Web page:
4) Affiliate Rewards abuse

Coinbase formerly offered a generous affiliate program, whereby $75 was paid to anyone who referred a customer who went on to purchase $100+ worth of Bitcoin. However, Coinbase reneged on this deal without warning. Many hard-working affiliates, including 99Bitcoins, received a pittance for promotional work conducted for Coinbase.

5) Ill-Fated Political Interventions

For whatever motive, both Brian Armstrong and Fred Ehrsam (Coinbase’s founders) felt compelled to wade into treacherous PR waters, to the detriment of their firm’s reputation. Their first major mistake was involving Coinbase in the acrimonious block size debate and their second was actively promoting Bitcoin’s main rival; the troubled, “Turing-complete” Ethereum.

Coinbase unwisely pledged its support to the failed Bitcoin XT / Classic project. Brian Armstrong raised hackles across social media with a number of ill-advised comments and announcements.


Coinbase tweets

Armstrong’s top-down approach was not well-received by the wider Bitcoin community.

Next, Fred Ehrsam proclaimed the superiority of Ethereum, shortly before the spectacular failure of the DAO and Ethereum’s subsequent price crash.

It’s hard to imagine what Brian and Fred hoped to gain from their controversial statements and decisions but the resultant PR backlash will likely see them charting a more neutral course in future.

6) Blockchain Patents

Perhaps most egregious of all their transgressions are Coinbase’s 9 patent filings for cryptocurrency-related “innovations.” These applications include the following:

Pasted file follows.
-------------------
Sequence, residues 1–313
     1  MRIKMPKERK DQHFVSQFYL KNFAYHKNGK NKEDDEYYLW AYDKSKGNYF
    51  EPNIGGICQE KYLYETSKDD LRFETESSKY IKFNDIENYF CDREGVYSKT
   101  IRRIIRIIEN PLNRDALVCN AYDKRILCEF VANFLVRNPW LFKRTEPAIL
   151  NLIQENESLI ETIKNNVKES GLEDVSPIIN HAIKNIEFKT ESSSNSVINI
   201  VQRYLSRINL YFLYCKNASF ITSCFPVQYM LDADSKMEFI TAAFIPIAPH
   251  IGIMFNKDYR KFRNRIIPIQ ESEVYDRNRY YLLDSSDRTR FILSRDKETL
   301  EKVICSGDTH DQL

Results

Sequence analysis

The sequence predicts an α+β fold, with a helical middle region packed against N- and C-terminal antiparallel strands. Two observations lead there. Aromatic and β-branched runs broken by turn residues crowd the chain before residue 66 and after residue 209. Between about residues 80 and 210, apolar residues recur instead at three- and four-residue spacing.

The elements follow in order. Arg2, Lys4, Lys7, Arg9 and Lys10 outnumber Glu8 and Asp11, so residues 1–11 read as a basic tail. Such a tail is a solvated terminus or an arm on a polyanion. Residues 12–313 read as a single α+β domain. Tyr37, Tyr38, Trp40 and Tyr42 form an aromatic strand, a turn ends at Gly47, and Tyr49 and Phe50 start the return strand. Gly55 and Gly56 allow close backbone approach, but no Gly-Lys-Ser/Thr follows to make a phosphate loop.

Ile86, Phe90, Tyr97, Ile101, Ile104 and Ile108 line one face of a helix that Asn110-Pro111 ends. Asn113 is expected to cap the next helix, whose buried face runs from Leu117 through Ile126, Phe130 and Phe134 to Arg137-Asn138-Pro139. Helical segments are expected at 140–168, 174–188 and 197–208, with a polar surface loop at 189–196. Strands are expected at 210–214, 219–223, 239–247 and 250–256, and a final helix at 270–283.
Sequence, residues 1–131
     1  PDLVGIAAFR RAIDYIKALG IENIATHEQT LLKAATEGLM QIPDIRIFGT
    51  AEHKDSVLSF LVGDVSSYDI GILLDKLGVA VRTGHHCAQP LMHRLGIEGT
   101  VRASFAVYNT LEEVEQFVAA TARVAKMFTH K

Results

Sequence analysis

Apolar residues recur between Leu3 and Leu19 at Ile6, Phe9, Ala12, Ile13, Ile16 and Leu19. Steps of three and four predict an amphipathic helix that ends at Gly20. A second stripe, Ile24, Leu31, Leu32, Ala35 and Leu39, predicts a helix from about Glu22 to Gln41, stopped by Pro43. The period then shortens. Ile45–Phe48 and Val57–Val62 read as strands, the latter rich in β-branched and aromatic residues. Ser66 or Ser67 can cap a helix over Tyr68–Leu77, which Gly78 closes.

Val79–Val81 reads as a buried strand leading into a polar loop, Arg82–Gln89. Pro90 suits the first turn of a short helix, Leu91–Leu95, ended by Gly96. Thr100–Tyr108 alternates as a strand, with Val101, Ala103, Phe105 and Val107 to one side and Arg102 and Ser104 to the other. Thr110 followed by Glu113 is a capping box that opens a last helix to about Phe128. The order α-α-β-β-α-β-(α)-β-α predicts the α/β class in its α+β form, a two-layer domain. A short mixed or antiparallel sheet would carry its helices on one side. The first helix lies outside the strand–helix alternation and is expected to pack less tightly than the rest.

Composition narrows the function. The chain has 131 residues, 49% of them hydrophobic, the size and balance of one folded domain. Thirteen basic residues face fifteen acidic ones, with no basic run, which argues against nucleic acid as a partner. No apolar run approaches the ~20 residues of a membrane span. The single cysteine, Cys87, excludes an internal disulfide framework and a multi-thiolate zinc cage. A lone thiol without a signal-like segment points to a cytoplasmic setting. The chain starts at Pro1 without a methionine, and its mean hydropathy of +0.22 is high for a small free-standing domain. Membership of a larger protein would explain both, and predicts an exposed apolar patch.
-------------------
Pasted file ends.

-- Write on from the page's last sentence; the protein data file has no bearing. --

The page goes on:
• “Bitcoin exchange,”
  • “hot wallet for holding Bitcoin,”
  • tips button,” etc.

Such patents are obviously not Coinbase innovations and obviously clash with the open source nature and the philosophy of Bitcoin. Brian Armstrong apparently expects people to trust Coinbase, and to refrain from using any such patents to block competition. Frankly, no company, agency or entity can or should be trusted with legal authority over any aspect of the Bitcoin ecosystem. Bitcoin was designed to obviate the need for such trusted parties.

Bottom Line: Should You Use Coinbase?

At times, it appears that Coinbase is more in the business of attracting investors than servicing clients or wisely developing Bitcoin. Given the foregoing, it’s impossible to recommend Coinbase without some caveats:

You should never rely on Coinbase to act as your wallet. This applies equally to every other exchange and third-party service offering to store your coins. The oft-repeated maxim is: if you don’t hold the private keys, you don’t own the bitcoins.

While Coinbase’s multi-sig Vault offers some extra security, as get to retain at least one of the keys, it’s still nowhere near as secure as storing your bitcoins personally. If you’re uncertain as to how to properly store your bitcoins in a cold wallet, consider the purchase of a suitable hardware wallet.

Don’t use Coinbase if you intend to use your bitcoins for anything “naughty.” To avoid future legal entanglements, your best option a decentralised exchange, such as LocalBitcoins or Mycelium Local Trader.